Camber Castle stands in the middle of field but the footpath to it is approached from this road. This was one of the series of castles built by Henry VIII as coast defences in 1538. Its plan is quatrefoil-shaped, with lunettes at the corners and the entrance on the North side forming another lunette on the stalk of the flower. It is a squat building of ashlar lined with brick. In the centre of the square is a higher round tower or keep of earlier date built of ashlar and lined with brick for the top or second storey which has probably been added. (Listed Building Report)
The artillery castle at Camber survives well, retaining much of its original fabric in unaltered form. The history of the monument is documented by contemporary records, and a modern, comprehensive programme of excavation and building recording has provided further evidence for its development over the years. The castle's importance is enhanced by the unusual survival of contemporary, associated structures in the area surrounding the main building.
The monument includes an artillery castle which survives in ruined form, and a series of associated, surrounding earthworks, situated on low-lying ground c.2km north of the modern Sussex coast. The three-storeyed castle, the walls of which stand to a height of up to c.18m, is Listed at Grade I. It is now surrounded by reclaimed marshland, but was originally constructed to fortify the northern end of a long shingle spit which protected the open water of the Camber, the seaward entry to the port of Rye c.2km to the north. The castle buildings have been shown by part excavation between 1963-83 to result from at least three main phases of construction taking place between 1512-43, during which time the defences underwent radical redesign and redevelopment. They are built of local stone, probably from quarries at nearby Fairlight, Playden and Hastings, and from Mersham near Ashford in Kent. Additional building materials include Caen stone reused from the newly dissolved religious houses at Winchelsea c.1.5km to the south west, local timber and yellow bricks fired on site. The first phase dates to 1512-14 when documentary evidence suggests that the landowner, Edward Guldeford, began to build a circular one-storeyed artillery tower, topped with an open platform designed to house heavy guns, measuring 19.5m in diameter and c.9m high. This survives as the lower part of the central citadel of the completed castle. The second phase of construction took place between 1539-40 in the face of the political crisis and consequent fear of invasion occasioned by Henry VIII's divorce of Catherine of Aragon in 1533. This resulted in an elaborate concentric structure of four stirrup-shaped towers linked to each other by an eight-sided curtain wall and to a gallery around the remodelled and heightened central citadel by radiating vaults. Access to the castle was by way of a rectangular gatehouse to the north west. Work on the final phase began in 1542 and included the replacement of the earlier, stirrup-shaped outer towers with four semicircular bastions, the thickening of the octagonal curtain wall with an outer skin of masonry and some remodelling of the gatehouse. The castle buildings are surrounded by a group of associated earthworks including, to the north west, a causeway which leads up to the gatehouse. This survives as an earthen bank which extends out into the surrounding marshland for at least 20m. The bank is c.7m wide and up to c.1.5m high. Also to the north west of the castle buildings is a rectangular enclosure which survives in earthwork form. This was found during investigations in 1974 to have been originally a walled structure built with the same type of yellow bricks used in the construction of the castle buildings. To the north east of the enclosure are the remains of an associated small building also constructed of yellow brick. Further earthworks are visible on aerial photographs. Some of these are thought to be connected with defences and army training activities dating to World War II. By 1548 the castle was rendered largely obsolete by the silting of the Camber channel, a process exacerbated by the inning of the surrounding marshes to create agricultural land. It was, however, maintained in working order throughout the 16th century. The process of abandonment began in 1637 when the garrison was disbanded and all ordnance removed, and by 1643 the lead had been stripped from the roof. The monument was purchased by the Department of National Heritage in 1977, when it was placed in the care of the Secretary of State. Since then it has been the subject of a comprehensive programme of restoration and repair. (Scheduling Report)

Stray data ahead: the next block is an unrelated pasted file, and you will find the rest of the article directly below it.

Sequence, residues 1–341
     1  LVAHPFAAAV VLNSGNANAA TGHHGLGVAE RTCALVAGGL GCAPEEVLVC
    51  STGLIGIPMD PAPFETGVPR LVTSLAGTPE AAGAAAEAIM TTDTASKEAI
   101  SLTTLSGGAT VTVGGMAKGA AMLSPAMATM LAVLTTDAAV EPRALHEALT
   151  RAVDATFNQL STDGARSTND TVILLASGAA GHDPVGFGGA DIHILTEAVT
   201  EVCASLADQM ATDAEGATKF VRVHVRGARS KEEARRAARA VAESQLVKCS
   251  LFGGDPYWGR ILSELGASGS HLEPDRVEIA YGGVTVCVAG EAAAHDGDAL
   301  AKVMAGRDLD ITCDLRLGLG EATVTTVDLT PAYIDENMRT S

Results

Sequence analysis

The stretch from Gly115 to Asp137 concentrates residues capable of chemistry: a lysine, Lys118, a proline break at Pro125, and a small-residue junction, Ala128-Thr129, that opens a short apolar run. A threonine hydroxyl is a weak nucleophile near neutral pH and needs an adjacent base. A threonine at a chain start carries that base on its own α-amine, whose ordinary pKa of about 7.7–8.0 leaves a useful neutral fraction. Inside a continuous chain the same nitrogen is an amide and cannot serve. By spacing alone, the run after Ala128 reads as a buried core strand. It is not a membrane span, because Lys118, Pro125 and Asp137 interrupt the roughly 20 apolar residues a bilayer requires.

This early artillery castle was surveyed by M.P.B.W. during 1963 and H. Colvin and M. Biddle undertook excavations to elucidate the constructional sequence as a contribution to the History of the King's Works. The Camber was formerly a large harbour between Rye and Winchelsea, the entrance to which lay between Rye and the N. tip of a long shingle bar running N. from Winchelsea. Camber Castle stands at the tip of this former bar and was sited to control the harbour mouth. There may have been a tower here, possibly of wood, as early as 1486, but the earliest visible work is the lower half of the central tower which was built for artillery, probably in 1512. The tower was heightened probably in two stages and all the outer defence works undertaken between 1539 and 1543. Apart from the addition of internal earthern mounts c. 1570, the castle remained unaltered until its dismantling in 1643. The outer defences proved to be of two main phases, both constructed within the period 1539-43. In the earlier phase the castle was octagonal with square-fronted bastions projecting from alternate angles. These bastions presented semicircular faces to the courtyard of the castle (i.e. they were stirrup-shaped in plan) and they were linked to the semi-basement gallery added around the earlier central tower by radiating underground passages. In the second phase the earlier octagonal outer wall was strengthened and heightened by the addition of a massive outer 'skin' wall. The squarefronted bastions were transformed by the construction of semicircular bastions entirely enveloping the former, which survived to their full height as cavalliers. This drastic remodelling within so short a space of time reflects the very varied ideas about and competence in artillery fortification prevalent before the introduction of Italian ideas in the mid I540s. The gate-house was modified at least three times during the years 1539-43, each time drastically, but the full working-out of the complexities of this area requires further excavation in 1964. Large quantities of architectural fragments, metal and stratified early 17th-century pottery were recovered. (Med. Arch. 1964)